CAD Manager's Newsletter (#405)9 May, 2018 By: Robert Green
Spring into Standards, Part 4: Sell, Train, Audit, and Enforce to Make Standards Work!
The work of CAD standards doesn't end with implementation — you must stay vigilant as you enter "maintenance mode."
In the first three installments of this Spring into Standards series, I discussed revamping your CAD standards, making decisions, and rolling out your new standards. I hope you followed along with these previous installments to plan your standards refresh; if not, you may want to read Part 1, Part 2, and Part 3 now to have proper context for this installment.
In this final installment of Spring into Standards, we'll focus on what comes after the initial rollout: standards maintenance. Much like any other change in a work environment, I find that making standards a permanent part of the culture requires a continual effort on the CAD manager's part. In this edition of the CAD Manager's Newsletter, I'll share some strategies for maintaining momentum in your standards rollout so users embrace new standards and don't backslide into old habits. Here goes.
You Have to STAE at It
What do I mean by STAE? It is an acronym for Sell, Train, Audit, Enforce that seems to get people's attention.
You'll recall that in Part 3 of this series, I advised CAD managers to continue evangelizing about standards, even while training users and during implementation. I stand by this concept wholeheartedly, but at what point should cheering about standards give way to the practical business of making them work? Real-world issues — such as project managers saying, "Don't worry about the standards, just get the work done!" — can be very hard to overcome. Here's where STAE comes in:
- Sell. As you interact with users, always sell them on the benefits of standardization: Fewer clicks, fewer picks, and fewer mistakes mean work gets done more quickly and efficiently.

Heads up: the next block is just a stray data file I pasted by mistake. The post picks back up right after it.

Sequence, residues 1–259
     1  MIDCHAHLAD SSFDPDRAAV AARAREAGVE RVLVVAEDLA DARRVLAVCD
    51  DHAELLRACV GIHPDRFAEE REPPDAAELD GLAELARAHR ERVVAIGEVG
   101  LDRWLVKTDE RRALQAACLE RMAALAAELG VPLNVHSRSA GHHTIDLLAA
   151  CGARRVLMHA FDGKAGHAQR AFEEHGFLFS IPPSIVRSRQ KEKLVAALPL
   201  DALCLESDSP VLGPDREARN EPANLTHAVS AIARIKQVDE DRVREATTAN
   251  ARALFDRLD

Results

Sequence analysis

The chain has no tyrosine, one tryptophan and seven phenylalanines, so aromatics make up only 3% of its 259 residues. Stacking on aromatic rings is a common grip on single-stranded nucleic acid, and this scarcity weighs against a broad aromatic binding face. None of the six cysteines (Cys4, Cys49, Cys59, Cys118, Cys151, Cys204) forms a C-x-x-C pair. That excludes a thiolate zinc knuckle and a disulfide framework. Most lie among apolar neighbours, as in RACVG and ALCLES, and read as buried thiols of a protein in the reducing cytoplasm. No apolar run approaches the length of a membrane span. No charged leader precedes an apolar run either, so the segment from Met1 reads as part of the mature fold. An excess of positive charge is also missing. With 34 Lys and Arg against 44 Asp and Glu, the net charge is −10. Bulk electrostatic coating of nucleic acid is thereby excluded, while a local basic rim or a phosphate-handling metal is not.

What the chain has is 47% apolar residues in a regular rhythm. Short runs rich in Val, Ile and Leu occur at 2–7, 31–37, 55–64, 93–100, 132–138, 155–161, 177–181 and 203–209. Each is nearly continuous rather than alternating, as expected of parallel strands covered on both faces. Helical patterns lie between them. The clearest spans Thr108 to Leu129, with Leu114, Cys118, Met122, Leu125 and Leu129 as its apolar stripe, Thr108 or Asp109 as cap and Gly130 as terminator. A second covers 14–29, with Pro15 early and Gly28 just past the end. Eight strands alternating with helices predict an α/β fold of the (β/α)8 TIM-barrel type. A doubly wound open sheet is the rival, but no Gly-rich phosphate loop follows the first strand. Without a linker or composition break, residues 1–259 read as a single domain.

- Train. If users have doubts about using the standard, show them how easy it is. You can train one-on-one, in small groups, at lunch-and-learns — wherever. Quite often, you'll find that to sell someone on a standard, you may have to train them several times so they feel comfortable with it and see its benefits.
- Audit. Are users following standards, or are they quietly violating them again? The only way to know is to check file sets periodically to see who is following the rules — and who isn't.
- Enforce. If auditing reveals that a user isn't following the new standard, despite your thorough efforts to sell and train, it is time to enforce the rules.
Now that we know the basic components of STAE, let's break each one down into action items you can use as you work to make your standards stick within your organization.
Sell: Provide Persuasive Reasons
If users are questioning your standards, the most likely reason for their resistance that they aren't comfortable changing their work practices. Selling is different than evangelism, because selling isn't just about building enthusiasm; it is about convincing people to buy into a concept or behavior with their time or money. So you'll need to provide some concrete reasons for users to invest their time in learning the standards. Read more »
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